For many activists on the left, President Biden stopped short of a political reality they believe is more than incipient when it comes to fascism in America. Even so, on Monday he dismissed any notion that he was calling Trump’s supporters extremists and threats to democracy.
GOP members and some moderate Democrats have charged that Biden is further dividing the nation with his comments that Make America Great Again (MAGA) is akin to “semi-fascism.”
“I want to be very clear upfront,” Biden said during a Labor Day speech in Milwaukee. “Not every Republican is a MAGA-Republican. Not every Republican embraces the extreme ideology. I know because I’ve been able to work with mainstream Republicans my whole career.
“But the extreme-minded Republicans in Congress have chosen to go backwards, full of anger, violence, hate and division, but together we can, and we must choose a different path,” he continued.
He added that the U.S. had been able to overcome challenges because it has been “a nation of unity, of hope, of optimism, not a nation of division and violence and hatred that is being preached by some others.”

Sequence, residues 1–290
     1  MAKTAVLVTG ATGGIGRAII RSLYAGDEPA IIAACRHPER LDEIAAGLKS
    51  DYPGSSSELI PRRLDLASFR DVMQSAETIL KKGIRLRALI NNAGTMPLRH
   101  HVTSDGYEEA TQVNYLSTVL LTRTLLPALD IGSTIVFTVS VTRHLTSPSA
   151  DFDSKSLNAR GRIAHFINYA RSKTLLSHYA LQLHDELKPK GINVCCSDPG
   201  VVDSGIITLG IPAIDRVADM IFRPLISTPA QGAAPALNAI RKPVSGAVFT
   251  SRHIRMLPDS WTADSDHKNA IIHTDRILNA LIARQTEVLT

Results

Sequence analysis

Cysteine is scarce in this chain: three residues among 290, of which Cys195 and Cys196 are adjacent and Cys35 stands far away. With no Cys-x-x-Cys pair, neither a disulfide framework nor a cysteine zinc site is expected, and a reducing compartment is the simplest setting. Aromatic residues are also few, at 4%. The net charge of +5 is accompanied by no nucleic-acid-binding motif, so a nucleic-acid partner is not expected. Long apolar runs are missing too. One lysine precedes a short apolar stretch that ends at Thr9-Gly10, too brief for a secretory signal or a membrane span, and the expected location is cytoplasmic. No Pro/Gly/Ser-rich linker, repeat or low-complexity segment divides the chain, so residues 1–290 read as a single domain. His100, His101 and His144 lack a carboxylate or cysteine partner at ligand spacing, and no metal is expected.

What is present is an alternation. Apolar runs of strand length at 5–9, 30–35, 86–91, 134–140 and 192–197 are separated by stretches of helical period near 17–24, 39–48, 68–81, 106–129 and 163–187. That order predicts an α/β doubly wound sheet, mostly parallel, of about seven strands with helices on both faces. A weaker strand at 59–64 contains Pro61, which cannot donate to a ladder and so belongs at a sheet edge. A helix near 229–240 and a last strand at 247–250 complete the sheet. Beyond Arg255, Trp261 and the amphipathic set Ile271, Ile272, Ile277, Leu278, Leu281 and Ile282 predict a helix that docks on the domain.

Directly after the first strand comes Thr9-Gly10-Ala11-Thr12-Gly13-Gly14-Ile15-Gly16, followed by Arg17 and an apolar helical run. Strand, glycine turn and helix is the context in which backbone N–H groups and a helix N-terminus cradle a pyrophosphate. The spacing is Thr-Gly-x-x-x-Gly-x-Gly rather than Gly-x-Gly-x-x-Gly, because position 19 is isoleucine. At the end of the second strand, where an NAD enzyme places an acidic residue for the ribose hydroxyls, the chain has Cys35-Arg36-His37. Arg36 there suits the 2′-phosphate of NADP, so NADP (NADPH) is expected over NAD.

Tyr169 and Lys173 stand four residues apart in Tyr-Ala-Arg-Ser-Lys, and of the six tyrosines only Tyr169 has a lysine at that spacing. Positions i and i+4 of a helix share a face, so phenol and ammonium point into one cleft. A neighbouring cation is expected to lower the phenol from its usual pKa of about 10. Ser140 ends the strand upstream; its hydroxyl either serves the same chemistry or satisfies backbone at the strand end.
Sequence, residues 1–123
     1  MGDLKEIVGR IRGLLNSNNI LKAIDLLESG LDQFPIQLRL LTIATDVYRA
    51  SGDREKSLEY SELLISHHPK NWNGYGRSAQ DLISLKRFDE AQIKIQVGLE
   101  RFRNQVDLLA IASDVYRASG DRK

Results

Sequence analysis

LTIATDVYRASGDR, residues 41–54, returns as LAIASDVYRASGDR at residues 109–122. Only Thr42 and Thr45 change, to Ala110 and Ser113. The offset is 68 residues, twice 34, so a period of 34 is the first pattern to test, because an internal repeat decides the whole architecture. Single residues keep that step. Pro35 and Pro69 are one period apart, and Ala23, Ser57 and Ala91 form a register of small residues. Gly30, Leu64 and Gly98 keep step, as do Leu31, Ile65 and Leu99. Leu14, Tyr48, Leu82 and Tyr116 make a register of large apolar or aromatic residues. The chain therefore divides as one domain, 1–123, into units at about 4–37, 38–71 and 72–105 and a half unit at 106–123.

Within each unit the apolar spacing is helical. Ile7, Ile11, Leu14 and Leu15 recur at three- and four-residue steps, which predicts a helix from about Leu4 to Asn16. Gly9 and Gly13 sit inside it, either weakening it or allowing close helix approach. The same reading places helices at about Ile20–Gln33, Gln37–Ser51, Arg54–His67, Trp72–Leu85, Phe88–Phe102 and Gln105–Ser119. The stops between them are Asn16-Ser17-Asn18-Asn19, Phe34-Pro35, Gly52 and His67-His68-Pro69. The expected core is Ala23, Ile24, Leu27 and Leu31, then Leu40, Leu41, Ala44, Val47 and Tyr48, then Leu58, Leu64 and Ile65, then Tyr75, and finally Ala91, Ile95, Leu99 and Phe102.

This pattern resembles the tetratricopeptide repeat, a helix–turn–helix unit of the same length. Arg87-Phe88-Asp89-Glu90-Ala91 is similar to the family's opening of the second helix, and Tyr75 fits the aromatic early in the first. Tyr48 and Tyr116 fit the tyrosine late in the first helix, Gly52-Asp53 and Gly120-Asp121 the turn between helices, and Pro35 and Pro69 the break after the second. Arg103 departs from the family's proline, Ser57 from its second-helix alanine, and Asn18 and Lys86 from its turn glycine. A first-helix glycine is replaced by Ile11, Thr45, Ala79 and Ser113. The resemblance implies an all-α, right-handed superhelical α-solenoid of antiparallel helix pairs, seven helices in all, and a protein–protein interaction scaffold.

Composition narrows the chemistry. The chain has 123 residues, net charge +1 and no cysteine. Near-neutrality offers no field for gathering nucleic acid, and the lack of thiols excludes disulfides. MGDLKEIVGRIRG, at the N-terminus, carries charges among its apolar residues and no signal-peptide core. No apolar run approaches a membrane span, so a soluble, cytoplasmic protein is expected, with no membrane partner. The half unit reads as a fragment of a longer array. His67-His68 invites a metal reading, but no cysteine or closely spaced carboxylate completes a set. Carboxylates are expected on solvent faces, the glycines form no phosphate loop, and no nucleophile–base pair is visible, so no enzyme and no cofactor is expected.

His Labor Day speech didn’t go as far in its accusation of Trump as he did earlier in Philadelphia in which Trump was named as responsible for much of the “assault” on democratic rights. “Donald Trump and the MAGA Republicans represent an extremism that threatens the very foundations of our republic,” he said.
A breaking news story at the time was that a Trump-appointed judge backed Trump’s request to have a special master appointed to review documents seized from his Florida home by the Justice Department. People familiar with the ruling think it will severely hamper the review of the documents and the extent to which many of the top-secret documents jeopardize national security.
Biden expressed no comments on the decision.